Dust evolution and planetesimal formation

Polarimetry of DG Tau and CW Tau disks with ALMA: clues on the dust properties

Francesca Bacciotti (INAF - Osservatorio Astrofisico di Arcetri)

Polarimetric data of rotating disk/jet systems around Class II sources were obtained with ALMA with the aim of determining the magnetic field configuration for the jet launch. The observed properties, however, support dust self-scattering as the origin of the polarization. In this case we derived from the data information on the distribution of the dust, on the grain size population, and on hidden substructures. This complements the results obtainable from  unpolarized emission, which can to be of great interest in studies of disk evolution.

Planet-induced Meridional Flows of Sub-mm-sized Dust Grains in Protoplanetary Disks

Jiaqing Bi (University of Victoria)

Dust gaps and rings appear ubiquitous in bright protoplanetary disks. Disk-planet interaction with dust-trapping at the edges of planet-induced gaps is one plausible explanation. However, the sharpness of some observed dust rings indicate that dust grains have settled to a thin layer in some systems. We test whether or not dust around gas gaps opened by planets can remain settled by performing three-dimensional, dust-plus-gas simulations of protoplanetary disks with an embedded planet. We find planets that open gas gaps 'puff up' small, sub-mm-sized grains at the gap edges, where the dust scale-height can reach 80% of the gas scale-height. We attribute this dust 'puff-up' to the planet-induced meridional gas flows previously identified by Fung & Artymowicz. We thus emphasize the importance of explicit 3D simulations to obtain the vertical distribution of sub-mm-sized grains around planet gaps. We caution that the gas-gap-opening planet interpretation of well-defined dust rings is only self-consistent with large grains exceeding mm in size.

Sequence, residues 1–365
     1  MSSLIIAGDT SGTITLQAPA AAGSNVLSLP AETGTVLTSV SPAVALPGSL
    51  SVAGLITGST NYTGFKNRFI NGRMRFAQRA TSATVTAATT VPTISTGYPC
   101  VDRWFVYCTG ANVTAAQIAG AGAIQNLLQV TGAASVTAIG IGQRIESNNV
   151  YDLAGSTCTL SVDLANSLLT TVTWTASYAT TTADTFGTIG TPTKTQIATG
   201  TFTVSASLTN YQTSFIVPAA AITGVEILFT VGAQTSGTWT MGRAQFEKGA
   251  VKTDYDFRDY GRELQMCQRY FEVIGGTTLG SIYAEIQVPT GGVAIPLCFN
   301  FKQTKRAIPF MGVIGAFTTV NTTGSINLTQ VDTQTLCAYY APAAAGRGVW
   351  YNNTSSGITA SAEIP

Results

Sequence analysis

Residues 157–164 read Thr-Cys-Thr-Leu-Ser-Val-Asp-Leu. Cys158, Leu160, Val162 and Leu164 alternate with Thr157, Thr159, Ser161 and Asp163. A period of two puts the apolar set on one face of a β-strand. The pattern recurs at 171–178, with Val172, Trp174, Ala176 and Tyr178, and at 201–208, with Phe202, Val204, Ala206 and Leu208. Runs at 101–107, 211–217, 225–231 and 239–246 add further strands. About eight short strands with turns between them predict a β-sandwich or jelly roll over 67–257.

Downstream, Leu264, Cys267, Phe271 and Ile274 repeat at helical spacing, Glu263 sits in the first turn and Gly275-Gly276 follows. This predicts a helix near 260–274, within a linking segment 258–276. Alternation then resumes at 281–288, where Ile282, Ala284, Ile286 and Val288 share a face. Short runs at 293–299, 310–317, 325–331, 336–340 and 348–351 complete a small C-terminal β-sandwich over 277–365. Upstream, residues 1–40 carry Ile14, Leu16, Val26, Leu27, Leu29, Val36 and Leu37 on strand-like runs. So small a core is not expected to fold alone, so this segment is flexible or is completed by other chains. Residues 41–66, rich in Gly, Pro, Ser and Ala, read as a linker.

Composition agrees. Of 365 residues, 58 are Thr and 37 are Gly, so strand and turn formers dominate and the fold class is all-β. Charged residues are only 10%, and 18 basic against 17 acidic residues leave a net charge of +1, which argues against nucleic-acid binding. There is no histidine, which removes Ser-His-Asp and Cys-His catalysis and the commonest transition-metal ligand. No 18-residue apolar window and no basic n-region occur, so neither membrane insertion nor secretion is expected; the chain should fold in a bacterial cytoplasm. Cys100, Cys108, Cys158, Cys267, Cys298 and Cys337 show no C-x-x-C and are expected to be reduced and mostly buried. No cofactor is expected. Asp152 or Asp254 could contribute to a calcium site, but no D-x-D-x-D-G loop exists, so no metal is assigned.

Protoplanetary Disk Rings as Sites for Planetesimal Formation

Daniel Carrera (Iowa State University)